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10 Facts About Pretrial Electronic Monitoring In Cook County

The Chicago Appleseed Center for Fair Courts and the Chicago Council of Lawyers have released a report that catalogs 10 data-based facts about the Cook County Sheriff's Electronic Monitoring (EM) Program to help the public understand the breadth of this program, who exactly is affected, and to make a determination as to whether it is worth the millions of dollars taxpayers spend each year to maintain it.

The report is a comprehensive analysis of public data from the Cook County Sheriff's Office (CCSO) obtained through public sources, such as the CCSO's website, and through Freedom of Information Act (FOIA) requests by Chicago Appleseed Center for Fair Courts. Our analysis examines who is confined, why they are confined, for how long, and whether they are rearrested while on electronic monitoring. Full documentation and code used to generate the analysis in this report can be found here.

The Cook County Sheriff's EM Program is growing, with people being surveilled longer than ever although most people do not violate pretrial conditions put in place by a judge. Our major findings show, among other things:

* The number of people incarcerated in Cook County Jail or on electronic monitoring has risen 23% since April 2020.

* Over 1,000 people have been on EM in Cook County for a year or more; 78% have been detained for over 3 months.

* Over 74% of the people on electronic monitoring (and in jail) are Black.

* Today, 83% of the people on EM in Cook County had to pay a money bond to leave jail.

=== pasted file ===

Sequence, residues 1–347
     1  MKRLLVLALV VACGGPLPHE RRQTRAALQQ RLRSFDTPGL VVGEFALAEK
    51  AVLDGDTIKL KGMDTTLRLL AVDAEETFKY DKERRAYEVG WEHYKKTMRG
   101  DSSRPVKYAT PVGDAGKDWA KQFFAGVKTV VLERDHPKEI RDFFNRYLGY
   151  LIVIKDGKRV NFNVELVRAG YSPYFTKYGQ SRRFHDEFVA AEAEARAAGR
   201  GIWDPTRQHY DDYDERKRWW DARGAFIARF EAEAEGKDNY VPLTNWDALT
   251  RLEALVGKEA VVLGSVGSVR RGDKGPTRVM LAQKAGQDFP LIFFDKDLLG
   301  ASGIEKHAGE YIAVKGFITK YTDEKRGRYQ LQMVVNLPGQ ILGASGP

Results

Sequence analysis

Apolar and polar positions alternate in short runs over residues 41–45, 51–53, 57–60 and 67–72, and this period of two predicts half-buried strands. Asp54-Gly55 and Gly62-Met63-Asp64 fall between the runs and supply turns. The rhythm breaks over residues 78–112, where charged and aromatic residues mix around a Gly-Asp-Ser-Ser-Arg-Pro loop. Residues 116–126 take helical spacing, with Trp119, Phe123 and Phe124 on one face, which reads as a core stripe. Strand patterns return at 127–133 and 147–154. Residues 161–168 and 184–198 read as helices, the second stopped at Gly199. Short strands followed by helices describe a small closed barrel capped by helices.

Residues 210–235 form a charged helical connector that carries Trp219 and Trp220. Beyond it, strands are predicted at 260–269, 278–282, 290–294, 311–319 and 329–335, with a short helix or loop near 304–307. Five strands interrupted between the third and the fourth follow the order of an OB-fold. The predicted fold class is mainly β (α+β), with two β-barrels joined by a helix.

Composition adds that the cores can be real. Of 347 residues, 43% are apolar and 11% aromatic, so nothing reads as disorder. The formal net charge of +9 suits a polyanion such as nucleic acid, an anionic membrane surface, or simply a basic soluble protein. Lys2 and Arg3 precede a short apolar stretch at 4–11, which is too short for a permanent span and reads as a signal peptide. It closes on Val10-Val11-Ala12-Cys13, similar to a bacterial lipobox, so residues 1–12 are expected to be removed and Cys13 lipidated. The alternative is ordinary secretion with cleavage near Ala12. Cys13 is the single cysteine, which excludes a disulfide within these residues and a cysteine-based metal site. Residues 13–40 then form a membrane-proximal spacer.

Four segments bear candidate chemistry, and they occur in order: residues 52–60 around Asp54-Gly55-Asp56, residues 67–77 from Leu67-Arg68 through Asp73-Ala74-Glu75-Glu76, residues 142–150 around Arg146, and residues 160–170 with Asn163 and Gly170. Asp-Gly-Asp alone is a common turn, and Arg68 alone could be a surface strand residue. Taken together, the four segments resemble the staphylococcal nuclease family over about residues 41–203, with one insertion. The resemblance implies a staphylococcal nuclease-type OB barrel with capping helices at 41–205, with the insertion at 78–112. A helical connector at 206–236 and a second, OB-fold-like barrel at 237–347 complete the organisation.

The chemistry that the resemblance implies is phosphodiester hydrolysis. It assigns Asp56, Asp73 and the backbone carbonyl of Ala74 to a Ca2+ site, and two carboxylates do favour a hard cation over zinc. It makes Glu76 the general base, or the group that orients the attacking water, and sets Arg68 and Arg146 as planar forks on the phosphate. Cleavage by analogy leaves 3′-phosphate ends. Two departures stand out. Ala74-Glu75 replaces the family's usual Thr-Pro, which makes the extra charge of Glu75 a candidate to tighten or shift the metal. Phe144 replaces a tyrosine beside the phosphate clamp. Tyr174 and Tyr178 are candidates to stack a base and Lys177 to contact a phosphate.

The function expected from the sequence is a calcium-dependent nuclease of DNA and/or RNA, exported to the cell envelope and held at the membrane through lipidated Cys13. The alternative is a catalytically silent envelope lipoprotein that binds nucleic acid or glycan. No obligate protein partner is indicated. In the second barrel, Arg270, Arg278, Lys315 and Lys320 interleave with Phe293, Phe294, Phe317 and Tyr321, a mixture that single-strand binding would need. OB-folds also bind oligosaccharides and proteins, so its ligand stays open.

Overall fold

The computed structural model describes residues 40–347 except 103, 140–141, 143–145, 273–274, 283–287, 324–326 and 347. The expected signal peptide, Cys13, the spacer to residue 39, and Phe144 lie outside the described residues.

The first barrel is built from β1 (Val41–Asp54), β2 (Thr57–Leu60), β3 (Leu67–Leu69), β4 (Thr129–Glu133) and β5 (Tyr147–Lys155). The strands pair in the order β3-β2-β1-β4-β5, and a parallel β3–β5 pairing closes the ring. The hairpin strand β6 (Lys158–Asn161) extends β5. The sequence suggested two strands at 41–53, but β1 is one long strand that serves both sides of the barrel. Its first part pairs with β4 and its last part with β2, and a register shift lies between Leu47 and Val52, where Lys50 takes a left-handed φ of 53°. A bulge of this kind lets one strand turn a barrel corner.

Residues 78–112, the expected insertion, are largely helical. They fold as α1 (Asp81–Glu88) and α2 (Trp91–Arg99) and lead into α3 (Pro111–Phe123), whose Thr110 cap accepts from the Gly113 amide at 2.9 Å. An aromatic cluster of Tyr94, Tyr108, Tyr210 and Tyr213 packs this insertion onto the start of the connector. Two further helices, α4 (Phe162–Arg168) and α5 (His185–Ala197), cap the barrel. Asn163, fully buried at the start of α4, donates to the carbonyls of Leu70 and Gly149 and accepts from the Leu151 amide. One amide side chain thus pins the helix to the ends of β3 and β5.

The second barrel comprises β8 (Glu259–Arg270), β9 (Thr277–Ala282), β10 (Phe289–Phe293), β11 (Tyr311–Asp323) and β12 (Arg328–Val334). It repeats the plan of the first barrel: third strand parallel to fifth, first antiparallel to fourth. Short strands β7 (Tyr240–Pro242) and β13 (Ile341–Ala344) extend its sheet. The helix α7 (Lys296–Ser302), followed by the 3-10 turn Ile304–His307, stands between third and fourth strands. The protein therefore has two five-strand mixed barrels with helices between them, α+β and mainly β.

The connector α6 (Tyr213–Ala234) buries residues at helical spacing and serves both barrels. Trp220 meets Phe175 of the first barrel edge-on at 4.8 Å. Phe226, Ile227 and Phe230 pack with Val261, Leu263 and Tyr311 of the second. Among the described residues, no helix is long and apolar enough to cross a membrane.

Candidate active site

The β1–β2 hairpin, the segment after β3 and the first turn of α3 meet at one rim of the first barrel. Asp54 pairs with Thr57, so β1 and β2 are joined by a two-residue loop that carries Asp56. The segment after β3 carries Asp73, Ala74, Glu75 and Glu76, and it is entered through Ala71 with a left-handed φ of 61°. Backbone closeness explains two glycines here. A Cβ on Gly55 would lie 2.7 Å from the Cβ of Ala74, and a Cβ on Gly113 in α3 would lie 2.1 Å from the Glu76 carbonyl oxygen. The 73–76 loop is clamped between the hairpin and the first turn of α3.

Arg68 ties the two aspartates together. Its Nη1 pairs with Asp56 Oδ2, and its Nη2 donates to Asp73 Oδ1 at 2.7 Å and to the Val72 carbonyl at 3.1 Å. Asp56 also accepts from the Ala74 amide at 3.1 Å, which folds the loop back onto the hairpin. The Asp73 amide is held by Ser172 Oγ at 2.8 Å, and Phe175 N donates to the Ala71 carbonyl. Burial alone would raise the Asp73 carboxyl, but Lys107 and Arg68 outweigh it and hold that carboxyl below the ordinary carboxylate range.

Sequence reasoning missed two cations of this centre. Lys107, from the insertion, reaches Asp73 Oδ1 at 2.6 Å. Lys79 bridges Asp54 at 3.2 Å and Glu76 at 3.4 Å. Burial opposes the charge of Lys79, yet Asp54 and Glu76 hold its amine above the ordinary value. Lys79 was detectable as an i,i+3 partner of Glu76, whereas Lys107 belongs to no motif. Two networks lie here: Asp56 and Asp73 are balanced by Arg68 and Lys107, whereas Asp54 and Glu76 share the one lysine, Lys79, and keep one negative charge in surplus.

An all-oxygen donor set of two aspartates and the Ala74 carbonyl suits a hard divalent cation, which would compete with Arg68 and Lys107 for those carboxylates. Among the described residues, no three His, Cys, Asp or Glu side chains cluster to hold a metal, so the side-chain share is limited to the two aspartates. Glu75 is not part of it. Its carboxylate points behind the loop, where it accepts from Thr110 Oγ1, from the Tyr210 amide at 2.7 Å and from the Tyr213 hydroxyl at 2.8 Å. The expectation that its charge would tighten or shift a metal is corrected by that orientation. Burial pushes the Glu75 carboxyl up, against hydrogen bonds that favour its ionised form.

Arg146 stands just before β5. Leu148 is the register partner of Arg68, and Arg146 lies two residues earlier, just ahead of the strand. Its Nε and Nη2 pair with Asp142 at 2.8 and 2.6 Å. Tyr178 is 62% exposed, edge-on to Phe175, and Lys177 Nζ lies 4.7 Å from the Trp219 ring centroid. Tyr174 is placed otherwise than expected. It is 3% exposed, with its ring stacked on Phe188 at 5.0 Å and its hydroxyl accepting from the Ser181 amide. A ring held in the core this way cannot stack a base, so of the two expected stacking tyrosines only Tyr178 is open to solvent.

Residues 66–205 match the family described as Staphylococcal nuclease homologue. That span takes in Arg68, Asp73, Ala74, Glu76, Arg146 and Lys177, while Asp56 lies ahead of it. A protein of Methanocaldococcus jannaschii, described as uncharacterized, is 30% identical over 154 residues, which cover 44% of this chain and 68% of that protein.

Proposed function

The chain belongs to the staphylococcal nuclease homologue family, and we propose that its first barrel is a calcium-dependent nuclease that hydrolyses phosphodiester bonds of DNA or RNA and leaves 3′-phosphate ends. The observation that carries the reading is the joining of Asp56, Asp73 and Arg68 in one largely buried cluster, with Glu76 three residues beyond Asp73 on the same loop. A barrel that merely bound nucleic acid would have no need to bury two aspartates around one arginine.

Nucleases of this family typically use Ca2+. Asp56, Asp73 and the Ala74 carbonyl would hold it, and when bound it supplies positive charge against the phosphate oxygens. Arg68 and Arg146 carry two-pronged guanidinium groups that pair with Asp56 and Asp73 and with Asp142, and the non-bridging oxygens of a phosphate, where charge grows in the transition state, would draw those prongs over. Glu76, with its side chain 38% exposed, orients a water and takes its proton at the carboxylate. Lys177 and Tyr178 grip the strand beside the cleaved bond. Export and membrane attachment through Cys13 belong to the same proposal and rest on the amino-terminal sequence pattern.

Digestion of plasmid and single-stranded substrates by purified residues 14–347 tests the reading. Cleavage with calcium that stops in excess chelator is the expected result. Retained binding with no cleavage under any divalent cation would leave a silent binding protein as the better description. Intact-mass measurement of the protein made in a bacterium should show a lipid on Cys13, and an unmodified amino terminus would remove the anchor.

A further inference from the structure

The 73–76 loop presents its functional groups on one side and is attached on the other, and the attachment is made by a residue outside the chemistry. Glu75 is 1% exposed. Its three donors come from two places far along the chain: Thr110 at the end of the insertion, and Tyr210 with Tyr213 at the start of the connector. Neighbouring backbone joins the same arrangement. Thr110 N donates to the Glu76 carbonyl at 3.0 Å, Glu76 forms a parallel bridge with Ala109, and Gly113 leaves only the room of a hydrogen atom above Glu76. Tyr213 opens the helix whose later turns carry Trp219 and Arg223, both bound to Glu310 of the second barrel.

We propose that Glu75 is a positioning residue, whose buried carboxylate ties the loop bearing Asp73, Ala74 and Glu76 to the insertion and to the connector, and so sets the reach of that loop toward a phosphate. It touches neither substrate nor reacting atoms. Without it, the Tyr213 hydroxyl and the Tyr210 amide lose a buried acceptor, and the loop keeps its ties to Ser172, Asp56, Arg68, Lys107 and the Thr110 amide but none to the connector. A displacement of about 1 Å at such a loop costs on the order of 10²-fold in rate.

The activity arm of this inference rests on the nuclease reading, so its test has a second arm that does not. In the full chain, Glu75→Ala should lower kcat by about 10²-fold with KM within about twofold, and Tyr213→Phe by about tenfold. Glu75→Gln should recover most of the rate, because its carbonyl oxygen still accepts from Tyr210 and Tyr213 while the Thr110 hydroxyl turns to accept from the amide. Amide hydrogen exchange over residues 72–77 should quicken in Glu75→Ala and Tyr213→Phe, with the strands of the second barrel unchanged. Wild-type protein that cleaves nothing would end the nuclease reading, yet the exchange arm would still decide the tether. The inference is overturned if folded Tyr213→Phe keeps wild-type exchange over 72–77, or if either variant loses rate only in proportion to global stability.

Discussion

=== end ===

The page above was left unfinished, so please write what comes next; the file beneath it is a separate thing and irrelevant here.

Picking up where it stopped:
* On average, 67% of people spend over two days in jail before getting out on electronic monitoring, threatening their jobs, school, family lives, and more.

* Data suggests that electronic monitoring has no meaningful effect on the likelihood of re-arrests or appearances in court.

The Cook County Sheriff's Electronic Monitoring Program appears to perpetuate racial disparities in the criminal legal system and destabilize communities without a return for public safety.

"In 2021, the budget appropriation for the Sheriff's Community Corrections Department was $19,542,855 - even though data shows that people on electronic monitoring have the same very low chance of being rearrested while released pretrial as those who are released without electronic monitoring," says Sarah Staudt, senior policy analyst and staff attorney for the Appleseed Center and Council of Lawyers. "It's time we re-evaluate the way Cook County uses pretrial surveillance."


Comments welcome.


Posted on September 23, 2021

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